Referring now to FIG. 6, the present invention 200 is shown. In this embodiment the EMVD 200 incorporates a nonlinear mechanical transformer 210. A motor 260 is coupled through a member 262 to a rotary cam 230. The motor 260 turns the member 262, which in turn causes the cam 230 to rotate. Rollers 240 are free to rotate about their axes 242 and roll over first and second opposing surfaces of the rotary cam 230. The turret 250 is connected to the rollers 240 and the valve 270. The mechanism comprising the rotary cam 230, the rollers 240, and the turret 250 cooperate to function as a nonlinear mechanical transformer 210. The turret 250 and the valve 270 are free to move up and down and are constrained by a linear spring 280, but are fixed rotationally. With this nonlinear mechanical transformer 210, the stiffness or the inertia for vertical motion of the valve 270 or rotational motion of the motor 260 can be designed with substantial flexibility. The springs 280 are provided such that the springs provide approximately zero force to the valve when the valve is approximately at the midpoint between the open position and the closed position. With such an arrangement the majority of the work involved in moving the valve is performed by the springs. This results in a concomitant reduction in the holding and driving current required by the motor.

FIG. 7 shows a desirable relation between the rotational displacement of the motor and the translation displacement of the valve. With the characteristic of FIG. 7, both holding and driving current are reduced. The reflected force of the linear spring 280, resulting in a spring torque on the motor side, depends on the design of the nonlinear mechanical transformer 210. The mechanical holding force in the motor side can be reduced at both ends of the stroke of a valve if the slope (dz/dΘ) of the mechanical transformer in FIG. 7 is almost flat at both ends of the stroke of a valve. Therefore, the holding current doesn't have to be large and power consumption is reduced. Also, since the effective moving inertia, viewed from the valve side, increases at both ends of the stroke due to the nonlinear transformer characteristic, the acceleration of the EMVD incorporating the nonlinear mechanical transformer is inherently smooth and small at the ends of the stroke. Therefore, the driving current for achieving smooth acceleration can be reduced passively, because the desired position-versus-time characteristic is created mechanically instead of electrically.

The use of the nonlinear mechanical transformer has the adverse effect of deteriorating the free flight transition time from one end of the stroke to the other end of the stroke. This is due to the acceleration at both ends of the stroke being very low. Injection of electrical currents into the motor at both ends of the stroke is used to avoid the deterioration of the free flight transition time. In order to confirm the benefits of the current injection technique, the flight dynamics in time domain of the EMVD with the nonlinear mechanical transformer, both with current injections and without current injections is shown in the curves 300, 310, 320 and 330 of FIGS. 8 and 9. Except during the current injection intervals shown in FIG. 9, the dynamic characteristics shown in FIG. 8 are undriven, or free response to a step to zero in restraining force. Also, the dynamic model relating FIGS. 8 and 9 does not include any friction, gas load, or damping terms. As can be seen from the graphs, the transition time is reduced when the current injection technique is implemented. FIGS. 10 and 11 show curves 340, 350, 360 and 370 of a simulation result for a feedback controlled EMVD with a nonlinear mechanical transformer. As shown in curve 340, the jerk is small owing to the use of the nonlinear mechanical transformer. This reduced amount of jerk is achieved with small driving and holding currents (shown in curve 370) without deteriorating the free flight transition time. This nonlinear mechanical transformer concept of the invention can be applied to not only normal force EMVD's as in prior art but also shear force EMVD's as in the embodiments illustrated here.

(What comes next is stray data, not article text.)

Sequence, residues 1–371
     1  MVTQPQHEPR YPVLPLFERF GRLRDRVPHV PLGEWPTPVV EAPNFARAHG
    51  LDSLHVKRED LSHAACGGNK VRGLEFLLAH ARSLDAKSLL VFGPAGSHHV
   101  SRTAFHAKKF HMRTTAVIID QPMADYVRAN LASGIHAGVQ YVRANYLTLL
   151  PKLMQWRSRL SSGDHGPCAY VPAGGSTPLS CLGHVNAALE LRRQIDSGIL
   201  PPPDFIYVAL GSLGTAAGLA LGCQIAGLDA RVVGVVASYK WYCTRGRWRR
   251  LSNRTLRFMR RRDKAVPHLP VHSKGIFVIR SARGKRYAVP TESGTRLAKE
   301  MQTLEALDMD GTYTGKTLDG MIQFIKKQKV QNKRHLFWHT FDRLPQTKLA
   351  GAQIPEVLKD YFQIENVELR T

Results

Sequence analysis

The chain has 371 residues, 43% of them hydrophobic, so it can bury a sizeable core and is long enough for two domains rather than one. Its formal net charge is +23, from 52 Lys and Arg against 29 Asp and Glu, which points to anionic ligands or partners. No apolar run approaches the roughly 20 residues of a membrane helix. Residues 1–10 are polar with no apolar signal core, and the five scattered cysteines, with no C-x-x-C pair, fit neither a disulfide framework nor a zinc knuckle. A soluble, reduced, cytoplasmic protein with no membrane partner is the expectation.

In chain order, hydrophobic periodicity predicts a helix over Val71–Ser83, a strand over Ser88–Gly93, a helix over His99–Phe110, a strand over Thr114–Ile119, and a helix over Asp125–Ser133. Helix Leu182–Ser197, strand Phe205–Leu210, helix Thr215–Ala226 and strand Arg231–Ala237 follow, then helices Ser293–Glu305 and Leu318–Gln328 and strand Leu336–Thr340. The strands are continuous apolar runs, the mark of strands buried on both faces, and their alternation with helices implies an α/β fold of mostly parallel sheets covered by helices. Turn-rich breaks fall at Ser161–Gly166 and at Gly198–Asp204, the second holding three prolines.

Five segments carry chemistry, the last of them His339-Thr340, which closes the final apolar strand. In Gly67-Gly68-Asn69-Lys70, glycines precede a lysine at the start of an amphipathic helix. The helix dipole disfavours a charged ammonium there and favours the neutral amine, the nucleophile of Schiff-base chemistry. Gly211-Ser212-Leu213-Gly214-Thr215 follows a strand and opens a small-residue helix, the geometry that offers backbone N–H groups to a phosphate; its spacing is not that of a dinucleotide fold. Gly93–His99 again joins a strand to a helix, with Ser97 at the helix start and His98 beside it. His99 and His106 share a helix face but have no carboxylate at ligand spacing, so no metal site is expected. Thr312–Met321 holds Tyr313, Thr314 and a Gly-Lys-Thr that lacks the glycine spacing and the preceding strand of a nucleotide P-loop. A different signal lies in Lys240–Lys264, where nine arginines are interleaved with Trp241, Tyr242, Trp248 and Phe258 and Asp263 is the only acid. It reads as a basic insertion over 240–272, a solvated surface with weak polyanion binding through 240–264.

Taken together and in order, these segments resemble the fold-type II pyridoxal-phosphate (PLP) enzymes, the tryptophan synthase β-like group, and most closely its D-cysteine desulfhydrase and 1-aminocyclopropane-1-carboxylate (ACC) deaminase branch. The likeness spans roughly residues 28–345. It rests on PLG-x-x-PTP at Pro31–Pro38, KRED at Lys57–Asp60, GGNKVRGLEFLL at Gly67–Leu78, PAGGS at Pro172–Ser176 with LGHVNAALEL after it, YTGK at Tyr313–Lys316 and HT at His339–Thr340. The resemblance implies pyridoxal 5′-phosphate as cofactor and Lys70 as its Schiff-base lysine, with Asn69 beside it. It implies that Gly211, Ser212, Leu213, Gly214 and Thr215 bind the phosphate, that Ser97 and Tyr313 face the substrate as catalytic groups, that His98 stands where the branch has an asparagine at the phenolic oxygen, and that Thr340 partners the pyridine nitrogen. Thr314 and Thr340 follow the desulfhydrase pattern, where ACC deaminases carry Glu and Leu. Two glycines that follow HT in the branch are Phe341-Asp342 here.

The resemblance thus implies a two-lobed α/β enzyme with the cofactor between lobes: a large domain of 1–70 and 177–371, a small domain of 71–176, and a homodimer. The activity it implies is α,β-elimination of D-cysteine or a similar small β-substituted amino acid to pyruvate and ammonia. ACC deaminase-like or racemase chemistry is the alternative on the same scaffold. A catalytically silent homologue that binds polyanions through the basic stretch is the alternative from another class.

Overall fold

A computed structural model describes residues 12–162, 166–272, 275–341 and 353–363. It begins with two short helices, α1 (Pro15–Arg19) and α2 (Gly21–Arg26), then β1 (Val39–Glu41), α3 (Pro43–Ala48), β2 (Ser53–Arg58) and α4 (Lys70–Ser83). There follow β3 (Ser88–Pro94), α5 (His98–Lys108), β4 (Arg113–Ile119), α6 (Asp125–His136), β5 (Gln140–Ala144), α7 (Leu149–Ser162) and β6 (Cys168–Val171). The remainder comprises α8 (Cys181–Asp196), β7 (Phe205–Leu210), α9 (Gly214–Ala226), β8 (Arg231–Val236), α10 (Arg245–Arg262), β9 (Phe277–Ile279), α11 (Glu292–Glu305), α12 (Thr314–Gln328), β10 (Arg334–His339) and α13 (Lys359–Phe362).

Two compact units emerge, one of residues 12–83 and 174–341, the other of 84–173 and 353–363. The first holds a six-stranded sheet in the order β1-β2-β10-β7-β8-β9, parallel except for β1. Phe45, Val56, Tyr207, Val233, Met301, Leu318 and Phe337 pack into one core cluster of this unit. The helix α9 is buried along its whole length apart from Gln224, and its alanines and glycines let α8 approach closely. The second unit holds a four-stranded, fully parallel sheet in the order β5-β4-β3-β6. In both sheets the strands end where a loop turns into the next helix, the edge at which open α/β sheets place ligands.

FIG. 12 shows another desirable relation between the rotational displacement of a motor and the translation displacement of a valve. In this design, in order for the system to have desirable nonlinear dynamics, a linear torsional spring replaces the linear spring in FIG. 6, and the torsional spring is located to the rotary side of the nonlinear mechanical transformer instead of the valve side. Additionally the rotary motor in FIG. 6 is removed and replaced with a linear motor on the valve side of the nonlinear mechanical transformer. Since the reflected force of a torsional spring force in the motor side and valve side is small at both ends of the stroke due to the nonlinear transformer characteristic in FIG. 12, the acceleration of the EMVD incorporating this mechanical transformer is inherently smooth and small at the ends of the stroke. This is a duality version of the system in FIG. 6.